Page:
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Danger and beauty of a lesser-known style of horse racing

When filming the sport of timber racing, it helps to know the turf. 60 Minutes' resident horsewoman joins Charlie Rose on the course

When 60 Minutes reports a story related to horses, producer Michelle St. John probably has something to do with it. St. John is the broadcast’s resident horsewoman, and for good reason: She grew up on a 400-acre Maryland horse farm in a family that breeds, trains, and rides racehorses.

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60 Minutes producer Michelle St. John

CBS News

St. John proposed this week’s story on timber racing to correspondent Charlie Rose and producer David Browning, and while reporting in the field, she ushered them into the culture of the little-known sport.

“She brought ownership, authenticity, and enthusiasm to the story,” Rose says. St. John knows the world of timber racing so well, she spotted family members as she screened archival footage of major races.

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Michelle St. John as a child

Personal Photo

Timber racing is the American version of steeplechase, a long-distance horse race in which competitors jump hedges, fences, and streams. It originated in Ireland some 250 years ago, when horsemen raced through the countryside, jumping obstacles along the way.  

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 A timber race in Maryland

CBS News

The largest and most demanding event in timber racing is the Maryland Hunt Cup, and as Rose reports, the course is “not for the fainthearted.” It stretches four miles over the Maryland countryside, more than three times the length of the Kentucky Derby track. Along the way is the timber: 22 wooden fences of varying height, some as high as five feet.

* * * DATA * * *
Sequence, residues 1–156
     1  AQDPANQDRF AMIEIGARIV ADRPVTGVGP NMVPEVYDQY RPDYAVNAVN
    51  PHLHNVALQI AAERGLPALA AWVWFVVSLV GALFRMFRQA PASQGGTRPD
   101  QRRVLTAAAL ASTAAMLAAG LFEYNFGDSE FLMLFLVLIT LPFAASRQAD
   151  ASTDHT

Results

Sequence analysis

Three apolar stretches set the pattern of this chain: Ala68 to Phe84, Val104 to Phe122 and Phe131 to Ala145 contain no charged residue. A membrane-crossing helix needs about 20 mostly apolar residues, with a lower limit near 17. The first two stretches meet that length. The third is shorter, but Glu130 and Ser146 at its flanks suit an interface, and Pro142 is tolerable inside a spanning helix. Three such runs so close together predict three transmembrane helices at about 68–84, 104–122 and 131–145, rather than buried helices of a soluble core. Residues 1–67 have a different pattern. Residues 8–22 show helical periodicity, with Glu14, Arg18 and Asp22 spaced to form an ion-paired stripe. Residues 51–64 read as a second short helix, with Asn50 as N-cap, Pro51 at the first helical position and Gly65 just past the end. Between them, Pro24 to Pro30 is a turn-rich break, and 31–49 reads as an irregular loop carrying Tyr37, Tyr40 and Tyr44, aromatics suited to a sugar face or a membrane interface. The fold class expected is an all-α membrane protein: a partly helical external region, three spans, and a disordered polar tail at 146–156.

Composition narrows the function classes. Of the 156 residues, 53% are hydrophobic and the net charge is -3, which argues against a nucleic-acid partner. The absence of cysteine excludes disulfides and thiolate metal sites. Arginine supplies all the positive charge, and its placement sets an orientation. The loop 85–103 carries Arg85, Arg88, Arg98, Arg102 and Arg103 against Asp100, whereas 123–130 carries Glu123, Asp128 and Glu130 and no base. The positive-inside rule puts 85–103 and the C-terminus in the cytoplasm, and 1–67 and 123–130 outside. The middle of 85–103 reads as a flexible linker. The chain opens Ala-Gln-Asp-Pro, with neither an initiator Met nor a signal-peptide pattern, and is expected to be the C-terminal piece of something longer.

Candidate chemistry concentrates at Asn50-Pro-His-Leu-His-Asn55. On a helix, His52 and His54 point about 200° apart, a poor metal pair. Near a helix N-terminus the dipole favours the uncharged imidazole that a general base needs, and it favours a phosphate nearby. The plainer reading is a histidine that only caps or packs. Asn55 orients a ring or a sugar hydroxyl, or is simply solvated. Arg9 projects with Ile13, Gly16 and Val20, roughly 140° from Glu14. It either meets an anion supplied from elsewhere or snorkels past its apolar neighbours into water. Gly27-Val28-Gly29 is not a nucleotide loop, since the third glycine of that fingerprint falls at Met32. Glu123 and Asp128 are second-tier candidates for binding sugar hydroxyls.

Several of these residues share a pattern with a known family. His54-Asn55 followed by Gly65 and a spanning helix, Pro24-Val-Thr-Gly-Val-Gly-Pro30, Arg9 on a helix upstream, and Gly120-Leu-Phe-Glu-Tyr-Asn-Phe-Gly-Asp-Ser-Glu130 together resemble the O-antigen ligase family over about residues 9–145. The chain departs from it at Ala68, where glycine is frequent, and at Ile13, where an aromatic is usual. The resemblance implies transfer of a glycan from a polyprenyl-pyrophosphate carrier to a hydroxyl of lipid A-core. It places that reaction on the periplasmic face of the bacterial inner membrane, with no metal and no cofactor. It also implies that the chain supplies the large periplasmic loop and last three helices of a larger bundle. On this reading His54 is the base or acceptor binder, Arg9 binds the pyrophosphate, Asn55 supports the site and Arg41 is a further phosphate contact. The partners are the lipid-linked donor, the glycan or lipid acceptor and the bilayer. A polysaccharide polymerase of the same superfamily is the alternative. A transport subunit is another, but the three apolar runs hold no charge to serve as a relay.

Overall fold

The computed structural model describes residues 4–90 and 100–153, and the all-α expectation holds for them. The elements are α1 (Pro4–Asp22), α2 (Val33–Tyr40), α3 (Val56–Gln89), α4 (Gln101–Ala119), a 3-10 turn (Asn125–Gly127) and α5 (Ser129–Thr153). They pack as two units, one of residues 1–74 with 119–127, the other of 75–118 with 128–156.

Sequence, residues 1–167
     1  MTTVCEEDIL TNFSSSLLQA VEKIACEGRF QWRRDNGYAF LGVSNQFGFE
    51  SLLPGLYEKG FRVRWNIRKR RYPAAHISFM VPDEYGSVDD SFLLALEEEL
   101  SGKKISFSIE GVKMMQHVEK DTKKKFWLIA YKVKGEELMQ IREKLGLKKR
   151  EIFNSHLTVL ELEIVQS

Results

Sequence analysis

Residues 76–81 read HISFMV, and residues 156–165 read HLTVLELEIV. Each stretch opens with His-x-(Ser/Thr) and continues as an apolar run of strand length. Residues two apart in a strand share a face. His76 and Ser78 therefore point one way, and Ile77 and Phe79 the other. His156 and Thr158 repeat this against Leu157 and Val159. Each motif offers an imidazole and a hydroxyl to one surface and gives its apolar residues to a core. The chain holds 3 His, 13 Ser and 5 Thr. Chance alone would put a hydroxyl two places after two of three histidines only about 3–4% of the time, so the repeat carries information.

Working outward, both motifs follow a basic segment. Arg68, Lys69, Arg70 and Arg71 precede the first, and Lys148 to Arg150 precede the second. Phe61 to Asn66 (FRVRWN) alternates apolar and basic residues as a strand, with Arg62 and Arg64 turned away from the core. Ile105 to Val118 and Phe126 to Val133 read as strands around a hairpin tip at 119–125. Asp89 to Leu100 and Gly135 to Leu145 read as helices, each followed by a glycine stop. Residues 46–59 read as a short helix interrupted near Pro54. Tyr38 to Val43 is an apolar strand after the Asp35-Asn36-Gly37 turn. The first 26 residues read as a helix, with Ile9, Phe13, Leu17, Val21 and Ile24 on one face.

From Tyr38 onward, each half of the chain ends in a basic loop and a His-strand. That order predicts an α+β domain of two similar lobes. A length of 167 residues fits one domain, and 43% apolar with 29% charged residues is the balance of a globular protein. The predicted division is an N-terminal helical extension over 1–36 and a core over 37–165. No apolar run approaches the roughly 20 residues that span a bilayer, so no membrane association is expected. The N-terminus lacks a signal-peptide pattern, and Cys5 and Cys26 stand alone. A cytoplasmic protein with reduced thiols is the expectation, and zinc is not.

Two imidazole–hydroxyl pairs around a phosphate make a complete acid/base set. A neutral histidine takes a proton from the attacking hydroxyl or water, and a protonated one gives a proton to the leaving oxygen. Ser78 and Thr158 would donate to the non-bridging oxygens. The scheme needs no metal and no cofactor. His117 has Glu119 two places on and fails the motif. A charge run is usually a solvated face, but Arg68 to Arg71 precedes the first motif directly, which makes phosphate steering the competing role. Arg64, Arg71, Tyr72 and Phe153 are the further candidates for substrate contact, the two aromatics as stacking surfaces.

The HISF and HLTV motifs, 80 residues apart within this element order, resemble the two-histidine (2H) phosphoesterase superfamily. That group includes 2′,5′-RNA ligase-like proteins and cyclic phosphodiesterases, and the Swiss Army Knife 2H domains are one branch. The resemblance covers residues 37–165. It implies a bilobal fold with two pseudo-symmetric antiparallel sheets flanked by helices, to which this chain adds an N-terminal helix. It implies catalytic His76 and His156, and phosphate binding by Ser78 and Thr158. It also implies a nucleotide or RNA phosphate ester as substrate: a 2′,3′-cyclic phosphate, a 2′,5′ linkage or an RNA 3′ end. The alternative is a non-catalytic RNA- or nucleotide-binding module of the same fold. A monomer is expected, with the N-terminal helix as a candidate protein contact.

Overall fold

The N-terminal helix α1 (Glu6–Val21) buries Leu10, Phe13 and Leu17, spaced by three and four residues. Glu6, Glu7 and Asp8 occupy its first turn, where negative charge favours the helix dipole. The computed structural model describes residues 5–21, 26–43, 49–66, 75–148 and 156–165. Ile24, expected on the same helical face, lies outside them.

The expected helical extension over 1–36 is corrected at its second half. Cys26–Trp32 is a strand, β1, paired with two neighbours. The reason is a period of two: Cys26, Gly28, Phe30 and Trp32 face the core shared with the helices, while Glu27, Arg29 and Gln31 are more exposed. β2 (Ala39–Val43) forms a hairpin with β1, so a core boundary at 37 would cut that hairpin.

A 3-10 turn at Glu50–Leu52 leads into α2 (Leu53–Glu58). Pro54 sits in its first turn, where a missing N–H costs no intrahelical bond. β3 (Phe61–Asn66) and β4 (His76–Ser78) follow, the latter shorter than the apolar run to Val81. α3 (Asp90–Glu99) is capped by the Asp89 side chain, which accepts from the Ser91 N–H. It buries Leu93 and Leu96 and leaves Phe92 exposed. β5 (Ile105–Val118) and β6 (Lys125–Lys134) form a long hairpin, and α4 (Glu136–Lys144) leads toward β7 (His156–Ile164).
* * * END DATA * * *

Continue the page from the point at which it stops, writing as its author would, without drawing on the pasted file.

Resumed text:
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A child of the South, Charlie Rose grew up around plenty of horses, but nothing like the thoroughbreds he met filming this week’s story. Rose admits that he knew “absolutely nothing” about timber racing before reporting this week’s story and was eager to learn about the sport — and to meet its competitors.

Getting close to horses like “Senior Senator,” a reigning champ in the sport, is “just an awesome feeling,” says Rose. “The magnificence, the strength, the power--and even a sense of personality. You see it and feel it all when you’re close to them.”

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It’s a feeling St. John is well acquainted with. She grew up regularly attending timber races as a child, often racing ponies with her brother before the main event. She recounts the country charm of the atmosphere-- carriage parades, dog races, vintage cars, and small-time betting-- in this week’s 60 Minutes Overtime feature.  

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 St. John as a child racing a pony before the main timber race event.

Personal photo

“It does feel like you’ve kind of removed yourself from modern society and you’ve stepped back in time to these timber races, which really haven’t changed a lot for over 100 years,” St. John says.

To capture the feeling of a timber race, she and Browning worked with a 60 Minutes crew to carefully think through the camerawork. The crew placed cameras on drones and on the timber itself, giving the viewer a glimpse of the grace and athleticism of the horses.

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The 60 Minutes crew strapped a camera to a rider’s chest to achieve the feeling of being on the horse.

CBS News

Cameraman Don Lee had seen mixed results in the past with helmet cams because riders move their heads so often. This time, the crew placed a camera on the rider’s chest.

“It makes you feel like you are on the horse,” Rose says. “Makes you feel like you are feeling what the jockey would feel.”

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Video of the Maryland Hunt Cup courtesy of Damon Sinclair/HCP Sports

This video was produced by Ann Silvio and Will Croxton, edited by Will Croxton and Sarah Shafer Prediger.